Media jobs are in big demand but you can squeeze in, says Philip Schofield

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The Independent Online
The supply of people who want to work either in the media or in other creative fields is far greater than the supply of jobs. Publishing, advertising, broadcasting, journalism and design are among the most popular of all careers.

British publishers produce more than 75,000 new titles a year and employ around 20,000 people. The main functions in publishing are editorial, marketing, distribution, contracts and rights, and administration. Those wanting a publishing career typically read English at university and aim for editorial jobs.

Editorial work is of two main types: commissioning and copy-editing. Commissioning editors read manuscripts and decide whether to publish them. Most are sent in by authors' agents. Less than one in 50 of unsolicited manuscripts sent in by authors gets published. Commissioning editors working in non-fiction publishing, especially in the technical and education fields, also commission experts to write books to satisfy market niches that have been identified.

The role of copy-editors is to read manuscripts for their clarity and accurate use of language and to remove repetitive statements, contradictions and errors of spelling, grammar and punctuation. Extensive revisions are sometimes necessary, and these must be discussed and agreed with the author.

Editorial work is probably the hardest route into publishing because of the competition for places. It is usually easier to enter in another role and move to an editorial job later. Marketing and contracts and rights are particularly useful for a subsequent editorial career and for top management posts in publishing. They offer more vacancies than editorial and production roles combined.

Marketing is responsible for all the activities needed to promote and sell books. This includes everything from writing and producing book lists, advertising copy and press releases, through to organising authors' lecture tours and television and radio appearances. Contracts and rights departments handle the initial agreements and contracts with authors and deal with any issues arising from the further development of a book.

We have a huge press in the UK, with 125 daily and Sunday papers, about 800 local paid weeklies, 1,000 free weeklies, 1,700 consumer magazines and 4,000 trade and technical journals. No qualifications are needed, although almost every entrant is a graduate.

Newspaper journalists normally start on a local or regional newspaper. Many of these register their trainees with the National Council for the Training of Journalists. The NCTJ provides distance learning packs which, if successfully completed, lead to college-based training and to a National or Scottish Vocational Qualification at level 4.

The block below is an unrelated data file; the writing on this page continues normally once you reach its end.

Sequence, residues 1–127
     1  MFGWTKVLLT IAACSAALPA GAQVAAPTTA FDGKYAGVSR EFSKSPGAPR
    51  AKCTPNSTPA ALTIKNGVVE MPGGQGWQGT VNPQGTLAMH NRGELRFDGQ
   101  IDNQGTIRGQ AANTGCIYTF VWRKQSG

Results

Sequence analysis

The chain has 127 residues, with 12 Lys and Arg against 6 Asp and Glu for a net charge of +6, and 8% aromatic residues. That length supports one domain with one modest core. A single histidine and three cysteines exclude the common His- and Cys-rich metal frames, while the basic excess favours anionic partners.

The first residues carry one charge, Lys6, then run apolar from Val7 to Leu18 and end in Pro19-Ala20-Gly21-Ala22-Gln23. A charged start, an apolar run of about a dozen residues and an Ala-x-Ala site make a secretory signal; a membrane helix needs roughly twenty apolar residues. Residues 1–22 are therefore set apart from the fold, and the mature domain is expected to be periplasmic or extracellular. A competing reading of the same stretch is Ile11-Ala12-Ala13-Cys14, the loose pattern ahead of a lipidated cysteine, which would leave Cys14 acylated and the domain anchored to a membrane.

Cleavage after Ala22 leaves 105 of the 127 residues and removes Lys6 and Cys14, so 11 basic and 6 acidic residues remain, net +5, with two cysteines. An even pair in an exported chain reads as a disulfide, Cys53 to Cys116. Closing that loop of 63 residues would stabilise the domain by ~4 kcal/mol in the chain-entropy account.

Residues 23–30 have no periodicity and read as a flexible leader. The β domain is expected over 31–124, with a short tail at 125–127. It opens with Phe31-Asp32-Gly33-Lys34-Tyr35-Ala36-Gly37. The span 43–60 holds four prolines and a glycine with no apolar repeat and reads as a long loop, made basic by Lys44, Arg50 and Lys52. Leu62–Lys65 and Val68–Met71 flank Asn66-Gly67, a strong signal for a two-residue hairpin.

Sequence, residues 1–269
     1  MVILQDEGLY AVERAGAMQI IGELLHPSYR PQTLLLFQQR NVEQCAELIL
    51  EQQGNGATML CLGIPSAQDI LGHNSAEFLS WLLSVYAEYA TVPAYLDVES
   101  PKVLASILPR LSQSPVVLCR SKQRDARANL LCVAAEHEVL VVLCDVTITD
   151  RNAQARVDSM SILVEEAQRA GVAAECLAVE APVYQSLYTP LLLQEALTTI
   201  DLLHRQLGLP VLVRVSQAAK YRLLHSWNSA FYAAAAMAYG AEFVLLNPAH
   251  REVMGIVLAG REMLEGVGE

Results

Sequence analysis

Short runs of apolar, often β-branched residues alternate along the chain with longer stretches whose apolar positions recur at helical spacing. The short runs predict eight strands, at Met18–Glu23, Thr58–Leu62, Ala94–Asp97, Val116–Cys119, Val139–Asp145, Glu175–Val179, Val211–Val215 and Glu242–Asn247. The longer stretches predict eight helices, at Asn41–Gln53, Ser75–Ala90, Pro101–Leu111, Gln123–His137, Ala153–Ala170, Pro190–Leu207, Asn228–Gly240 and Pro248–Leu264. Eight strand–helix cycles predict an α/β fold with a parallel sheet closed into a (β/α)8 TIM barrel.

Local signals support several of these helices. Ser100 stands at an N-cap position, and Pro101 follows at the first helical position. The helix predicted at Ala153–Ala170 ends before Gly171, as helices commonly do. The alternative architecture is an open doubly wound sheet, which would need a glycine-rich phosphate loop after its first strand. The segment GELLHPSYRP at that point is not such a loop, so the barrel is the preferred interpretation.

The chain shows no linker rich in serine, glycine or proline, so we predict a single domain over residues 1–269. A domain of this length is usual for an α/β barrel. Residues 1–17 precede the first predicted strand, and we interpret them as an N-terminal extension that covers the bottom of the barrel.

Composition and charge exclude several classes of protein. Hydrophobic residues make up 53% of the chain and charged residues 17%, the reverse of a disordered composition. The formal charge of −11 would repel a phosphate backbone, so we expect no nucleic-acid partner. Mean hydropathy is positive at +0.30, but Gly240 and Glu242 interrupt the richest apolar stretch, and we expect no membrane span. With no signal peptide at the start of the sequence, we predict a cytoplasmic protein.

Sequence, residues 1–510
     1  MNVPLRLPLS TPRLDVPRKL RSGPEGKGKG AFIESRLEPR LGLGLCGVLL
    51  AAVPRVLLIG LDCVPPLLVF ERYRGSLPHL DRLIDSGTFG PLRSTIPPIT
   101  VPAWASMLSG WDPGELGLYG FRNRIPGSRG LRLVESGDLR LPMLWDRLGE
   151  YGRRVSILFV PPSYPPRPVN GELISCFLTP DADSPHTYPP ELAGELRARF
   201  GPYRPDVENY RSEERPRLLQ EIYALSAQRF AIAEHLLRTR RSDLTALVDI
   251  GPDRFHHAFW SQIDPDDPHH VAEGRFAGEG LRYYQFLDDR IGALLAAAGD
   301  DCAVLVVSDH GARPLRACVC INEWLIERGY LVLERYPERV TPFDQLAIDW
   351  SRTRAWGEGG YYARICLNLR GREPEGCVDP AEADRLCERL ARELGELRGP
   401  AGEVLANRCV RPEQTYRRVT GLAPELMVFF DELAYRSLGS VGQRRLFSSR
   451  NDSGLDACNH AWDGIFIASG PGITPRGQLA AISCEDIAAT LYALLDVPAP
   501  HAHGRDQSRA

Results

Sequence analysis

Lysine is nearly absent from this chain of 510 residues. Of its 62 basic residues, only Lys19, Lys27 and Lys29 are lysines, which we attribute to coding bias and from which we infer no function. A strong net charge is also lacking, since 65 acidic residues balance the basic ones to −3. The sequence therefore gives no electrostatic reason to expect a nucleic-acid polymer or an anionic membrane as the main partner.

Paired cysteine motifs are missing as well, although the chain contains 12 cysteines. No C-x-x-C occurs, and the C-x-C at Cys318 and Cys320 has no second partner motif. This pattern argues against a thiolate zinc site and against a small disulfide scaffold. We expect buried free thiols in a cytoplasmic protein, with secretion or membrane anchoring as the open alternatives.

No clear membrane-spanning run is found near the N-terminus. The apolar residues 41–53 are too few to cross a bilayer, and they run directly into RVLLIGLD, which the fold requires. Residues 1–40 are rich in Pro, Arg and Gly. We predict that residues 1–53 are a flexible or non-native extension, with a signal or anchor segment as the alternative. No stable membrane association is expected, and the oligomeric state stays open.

It is usually easier to become a journalist on a magazine or journal, and the training tends to be less structured. There is a national training scheme administered by the Periodical Training Council, which is standard in large publishing houses, but not in small ones. However, it can be difficult to move from magazines and journals to the national press unless you have developed a reputation as an expert in a particular field.

The BBC offers a two-year local radio trainee reporter scheme which prepares people for all aspects of radio journalism. At national level BBC journalists are expected to work on both radio and television. The BBC's news trainee scheme covers both. The BBC receives about 100 applications for each training post, and it is a distinct advantage to have prior journalistic experience on a reputable national or local paper.

Advertising copywriting is tough to enter, and no agencies provide formal training. This is because it is difficult to identify an individual's talent until it has been tried on the job. A unique new one-year postgraduate vocational course in advertising at Falmouth College of Art is run by an ex-agency team and develops both creative and copywriting skills. This is likely to give its students a competitive edge.

One back-door route into copywriting is newspaper classified advertising. The sales people sell space and write much of the advertising. This develops commercial awareness and the skill to write selling copy fast.

Copywriters usually work alongside a designer (usually called an art director, to impress an agency's clients). Students on the Falmouth advertising course work in pairs of an "art director" and a "copywriter". Designers are usually selected by agencies on the basis of their portfolios.

Artists working in design have a wide choice, although competition is fierce in the more popular careers such as advertising, fashion design and set design.

Most employers in the creative fields agree with Samuel Butler: "An art can only be learned in the workshop of those who are winning their bread by it"n